Originally Posted by Zeromark
Hey TwoCables (great name btw)
Can you send me a link with some proof of this? I swear I read max temp on the chip, is 72.6
It says that the "T Case" is 72.6Â°C. The initial proof is in the term "T Case
". The "case" is the metal part that you can see; the cores are inside. More proof follows after the following definition of "T Case".
On the old version of this Intel page I linked to you, they used to have a definition for it, and it was as follows (it used to be called the Thermal Specification, but now it's just "T Case"):
"Thermal Specification: The thermal specification shown is the maximum case temperature at the maximum Thermal Design Power (TDP) value for that processor. It is measured at the geometric center on the topside of the processor integrated heat spreader.
For processors without integrated heat spreaders such as mobile processors, the thermal specification is referred to as the junction temperature (Tj). The maximum junction temperature is defined by an activation of the processor IntelÂ® Thermal Monitor. The Intel Thermal Monitor’s automatic mode is used to indicate that the maximum TJ has been reached."
Notice that it says in the first line "maximum case temperature"
. Also notice that the Thermal Specification (which is now known as the "T Case") is measured "at the geometric center on the topside of the processor integrated heat spreader". This means it is measured at the same place where we apply thermal paste which means it is not measured at the cores.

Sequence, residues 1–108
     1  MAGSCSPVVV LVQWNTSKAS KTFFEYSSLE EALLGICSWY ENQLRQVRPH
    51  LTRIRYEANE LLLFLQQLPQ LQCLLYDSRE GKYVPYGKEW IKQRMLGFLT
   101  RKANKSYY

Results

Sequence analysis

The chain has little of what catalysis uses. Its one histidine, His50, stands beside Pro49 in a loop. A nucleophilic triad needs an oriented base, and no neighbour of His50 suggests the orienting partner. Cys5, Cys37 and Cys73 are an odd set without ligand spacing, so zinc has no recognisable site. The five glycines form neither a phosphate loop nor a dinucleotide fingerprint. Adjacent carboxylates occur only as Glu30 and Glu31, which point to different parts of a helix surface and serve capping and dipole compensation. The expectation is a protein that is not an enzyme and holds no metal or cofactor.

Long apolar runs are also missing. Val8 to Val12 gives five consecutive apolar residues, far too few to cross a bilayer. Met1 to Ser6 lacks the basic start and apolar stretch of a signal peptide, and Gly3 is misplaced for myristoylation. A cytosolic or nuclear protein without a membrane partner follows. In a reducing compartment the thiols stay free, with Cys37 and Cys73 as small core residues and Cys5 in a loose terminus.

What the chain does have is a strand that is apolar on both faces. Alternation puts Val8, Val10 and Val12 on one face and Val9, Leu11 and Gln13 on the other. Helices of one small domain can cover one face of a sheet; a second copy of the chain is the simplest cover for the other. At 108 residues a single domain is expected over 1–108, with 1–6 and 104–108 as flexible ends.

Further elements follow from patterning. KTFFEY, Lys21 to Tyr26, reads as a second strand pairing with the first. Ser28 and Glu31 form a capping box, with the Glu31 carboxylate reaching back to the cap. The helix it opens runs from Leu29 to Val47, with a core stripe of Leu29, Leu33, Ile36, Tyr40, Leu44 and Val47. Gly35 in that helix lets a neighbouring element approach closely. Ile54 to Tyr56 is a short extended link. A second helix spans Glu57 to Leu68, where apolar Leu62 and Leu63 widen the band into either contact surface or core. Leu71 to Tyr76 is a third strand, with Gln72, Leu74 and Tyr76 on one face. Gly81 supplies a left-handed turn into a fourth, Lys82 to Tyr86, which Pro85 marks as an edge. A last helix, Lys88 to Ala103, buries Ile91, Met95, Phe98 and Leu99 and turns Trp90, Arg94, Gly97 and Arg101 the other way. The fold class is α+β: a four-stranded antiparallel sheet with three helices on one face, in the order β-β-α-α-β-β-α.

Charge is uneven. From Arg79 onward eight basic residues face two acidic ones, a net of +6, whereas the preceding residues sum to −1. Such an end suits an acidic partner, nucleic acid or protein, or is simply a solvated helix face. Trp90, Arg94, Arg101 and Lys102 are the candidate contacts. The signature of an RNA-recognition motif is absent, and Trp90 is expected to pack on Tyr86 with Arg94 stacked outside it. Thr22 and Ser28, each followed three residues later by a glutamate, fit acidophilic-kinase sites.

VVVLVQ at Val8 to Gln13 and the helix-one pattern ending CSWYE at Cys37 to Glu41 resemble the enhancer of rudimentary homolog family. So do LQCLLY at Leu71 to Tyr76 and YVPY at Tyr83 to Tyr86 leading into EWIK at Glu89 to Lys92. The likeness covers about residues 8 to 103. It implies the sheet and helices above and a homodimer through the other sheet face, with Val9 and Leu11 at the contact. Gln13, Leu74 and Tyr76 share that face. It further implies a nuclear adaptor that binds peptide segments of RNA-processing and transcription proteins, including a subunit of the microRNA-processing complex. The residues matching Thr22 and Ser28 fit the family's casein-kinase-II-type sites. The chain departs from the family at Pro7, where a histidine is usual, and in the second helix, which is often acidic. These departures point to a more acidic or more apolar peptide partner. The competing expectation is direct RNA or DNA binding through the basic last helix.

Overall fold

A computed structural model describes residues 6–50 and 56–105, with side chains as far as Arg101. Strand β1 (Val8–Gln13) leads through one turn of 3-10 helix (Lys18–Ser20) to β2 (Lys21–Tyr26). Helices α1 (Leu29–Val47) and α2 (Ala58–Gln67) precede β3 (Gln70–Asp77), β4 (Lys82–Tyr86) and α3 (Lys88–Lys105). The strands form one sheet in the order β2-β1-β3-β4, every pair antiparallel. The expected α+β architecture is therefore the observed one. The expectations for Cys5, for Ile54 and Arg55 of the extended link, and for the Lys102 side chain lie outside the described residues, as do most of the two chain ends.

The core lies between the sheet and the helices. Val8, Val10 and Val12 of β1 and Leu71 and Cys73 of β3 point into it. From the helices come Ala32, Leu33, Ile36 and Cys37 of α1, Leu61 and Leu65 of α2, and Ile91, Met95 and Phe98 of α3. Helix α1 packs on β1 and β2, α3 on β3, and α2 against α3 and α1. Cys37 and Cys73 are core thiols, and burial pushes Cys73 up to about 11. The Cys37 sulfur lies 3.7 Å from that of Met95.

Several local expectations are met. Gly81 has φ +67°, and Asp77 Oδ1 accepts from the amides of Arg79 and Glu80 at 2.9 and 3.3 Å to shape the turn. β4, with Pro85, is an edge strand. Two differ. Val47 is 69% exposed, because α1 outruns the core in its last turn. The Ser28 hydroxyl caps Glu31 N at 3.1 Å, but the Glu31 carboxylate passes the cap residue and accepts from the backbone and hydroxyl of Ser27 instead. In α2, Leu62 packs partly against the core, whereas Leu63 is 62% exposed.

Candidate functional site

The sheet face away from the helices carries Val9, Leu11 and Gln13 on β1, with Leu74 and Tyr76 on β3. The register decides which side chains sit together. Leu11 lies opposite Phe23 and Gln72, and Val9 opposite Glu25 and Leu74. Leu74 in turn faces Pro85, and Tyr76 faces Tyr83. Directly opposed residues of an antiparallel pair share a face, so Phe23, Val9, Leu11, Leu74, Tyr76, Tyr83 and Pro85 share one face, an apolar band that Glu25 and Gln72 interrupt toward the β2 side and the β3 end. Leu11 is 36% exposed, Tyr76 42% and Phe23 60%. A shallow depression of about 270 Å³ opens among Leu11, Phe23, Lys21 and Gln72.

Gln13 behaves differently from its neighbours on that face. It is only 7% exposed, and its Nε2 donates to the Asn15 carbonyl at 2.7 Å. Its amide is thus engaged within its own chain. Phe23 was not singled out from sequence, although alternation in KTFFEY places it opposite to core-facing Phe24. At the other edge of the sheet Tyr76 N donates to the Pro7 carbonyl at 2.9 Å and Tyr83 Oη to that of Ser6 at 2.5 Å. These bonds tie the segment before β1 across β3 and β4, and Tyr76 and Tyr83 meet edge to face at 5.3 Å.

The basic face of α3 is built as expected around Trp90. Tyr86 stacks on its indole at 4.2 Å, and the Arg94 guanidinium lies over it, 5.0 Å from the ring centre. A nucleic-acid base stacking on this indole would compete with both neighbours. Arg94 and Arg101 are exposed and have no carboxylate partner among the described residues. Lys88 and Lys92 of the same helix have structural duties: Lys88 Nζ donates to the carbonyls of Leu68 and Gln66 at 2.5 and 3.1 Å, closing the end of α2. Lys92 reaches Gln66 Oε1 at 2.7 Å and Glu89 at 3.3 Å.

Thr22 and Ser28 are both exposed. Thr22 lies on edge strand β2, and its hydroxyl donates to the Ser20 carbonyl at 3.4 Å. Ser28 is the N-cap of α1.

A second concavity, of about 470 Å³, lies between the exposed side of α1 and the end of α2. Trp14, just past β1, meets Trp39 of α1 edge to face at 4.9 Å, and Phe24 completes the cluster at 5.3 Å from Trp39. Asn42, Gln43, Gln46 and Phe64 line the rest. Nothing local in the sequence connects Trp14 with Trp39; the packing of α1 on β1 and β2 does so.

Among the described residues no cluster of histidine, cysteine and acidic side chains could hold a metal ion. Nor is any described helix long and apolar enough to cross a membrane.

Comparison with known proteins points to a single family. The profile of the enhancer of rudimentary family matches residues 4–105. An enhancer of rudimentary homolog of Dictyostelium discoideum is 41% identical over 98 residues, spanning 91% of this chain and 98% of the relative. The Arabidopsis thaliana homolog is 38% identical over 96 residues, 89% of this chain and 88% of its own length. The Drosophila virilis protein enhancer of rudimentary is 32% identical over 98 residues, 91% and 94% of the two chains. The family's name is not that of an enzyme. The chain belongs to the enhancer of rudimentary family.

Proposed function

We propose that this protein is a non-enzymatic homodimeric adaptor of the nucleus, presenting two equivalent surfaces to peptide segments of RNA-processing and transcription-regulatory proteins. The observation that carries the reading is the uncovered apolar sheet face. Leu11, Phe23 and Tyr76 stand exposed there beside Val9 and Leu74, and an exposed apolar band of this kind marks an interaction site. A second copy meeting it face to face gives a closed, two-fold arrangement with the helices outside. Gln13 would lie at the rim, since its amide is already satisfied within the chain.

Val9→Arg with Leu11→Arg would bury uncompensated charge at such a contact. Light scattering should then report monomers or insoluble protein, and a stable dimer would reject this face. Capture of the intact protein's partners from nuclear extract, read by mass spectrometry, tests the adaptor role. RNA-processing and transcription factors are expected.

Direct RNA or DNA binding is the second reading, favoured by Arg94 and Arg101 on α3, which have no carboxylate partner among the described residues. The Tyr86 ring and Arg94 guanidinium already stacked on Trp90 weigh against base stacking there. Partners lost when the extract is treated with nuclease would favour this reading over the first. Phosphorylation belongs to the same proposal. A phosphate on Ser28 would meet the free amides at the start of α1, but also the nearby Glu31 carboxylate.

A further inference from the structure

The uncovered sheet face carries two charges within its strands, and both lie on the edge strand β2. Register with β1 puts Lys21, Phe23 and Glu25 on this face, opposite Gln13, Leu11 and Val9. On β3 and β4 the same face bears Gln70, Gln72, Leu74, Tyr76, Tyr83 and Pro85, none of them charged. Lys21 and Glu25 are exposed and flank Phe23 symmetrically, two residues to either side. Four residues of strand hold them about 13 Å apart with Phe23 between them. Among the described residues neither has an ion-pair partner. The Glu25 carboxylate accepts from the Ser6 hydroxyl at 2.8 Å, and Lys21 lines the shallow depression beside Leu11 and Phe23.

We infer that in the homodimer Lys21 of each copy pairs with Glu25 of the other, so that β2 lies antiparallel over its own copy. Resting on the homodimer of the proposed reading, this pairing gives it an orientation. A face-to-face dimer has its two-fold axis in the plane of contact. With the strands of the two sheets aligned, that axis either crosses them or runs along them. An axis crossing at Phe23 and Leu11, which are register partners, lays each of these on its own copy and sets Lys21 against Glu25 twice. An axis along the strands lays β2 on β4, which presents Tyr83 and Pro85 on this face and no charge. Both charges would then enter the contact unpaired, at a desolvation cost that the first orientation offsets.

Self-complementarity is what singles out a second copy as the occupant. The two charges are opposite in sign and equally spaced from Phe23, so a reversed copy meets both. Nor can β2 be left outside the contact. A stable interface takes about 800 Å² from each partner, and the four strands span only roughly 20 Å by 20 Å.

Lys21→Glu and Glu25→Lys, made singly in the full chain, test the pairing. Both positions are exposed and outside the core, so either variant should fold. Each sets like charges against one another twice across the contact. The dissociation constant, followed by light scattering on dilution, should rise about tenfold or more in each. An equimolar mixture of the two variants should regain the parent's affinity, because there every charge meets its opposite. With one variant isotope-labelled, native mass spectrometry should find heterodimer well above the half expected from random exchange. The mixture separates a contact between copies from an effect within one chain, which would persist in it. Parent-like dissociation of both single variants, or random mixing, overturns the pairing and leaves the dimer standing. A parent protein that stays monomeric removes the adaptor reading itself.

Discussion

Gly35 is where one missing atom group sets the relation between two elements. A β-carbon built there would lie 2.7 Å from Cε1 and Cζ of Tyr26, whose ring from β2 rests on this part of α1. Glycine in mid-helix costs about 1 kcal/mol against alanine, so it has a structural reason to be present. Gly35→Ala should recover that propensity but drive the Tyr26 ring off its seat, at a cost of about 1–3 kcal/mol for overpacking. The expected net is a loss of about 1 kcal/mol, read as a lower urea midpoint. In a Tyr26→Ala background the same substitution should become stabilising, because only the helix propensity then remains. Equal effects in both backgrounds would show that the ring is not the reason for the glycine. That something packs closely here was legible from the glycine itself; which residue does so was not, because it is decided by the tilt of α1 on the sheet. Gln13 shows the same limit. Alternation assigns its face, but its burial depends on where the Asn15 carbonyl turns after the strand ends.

So if the maximum case temperature is 72.6Â°C, then how hot do you suppose the cores would need to be in order to make the case become that hot? On average, about 20-25Â°C hotter!
The Thermaljunction Maximum (the Tj. Max) is the maximum safe temperature, and for the 2500K and 2600K it is 98Â°C. That is exactly 25.4Â°C hotter than the T Case.
Further proof: most people who are overclocking the 2500K and 2600K are exceeding 72.6Â°C without any problems whatsoever. This is because their temps are still very safe since they're still well below 98Â°C.
Finally: look at Real Temp. It shows the "Distance to TJ Max". The reason why it shows this is to be able to tell at a glace how far away you are from the maximum safe temperature as specified by Intel.
So if 72.6Â°C were the maximum safe core temperature, then most of us here would have killed our CPUs a long time ago. Edited by TwoCables - 10/1/11 at 7:57pm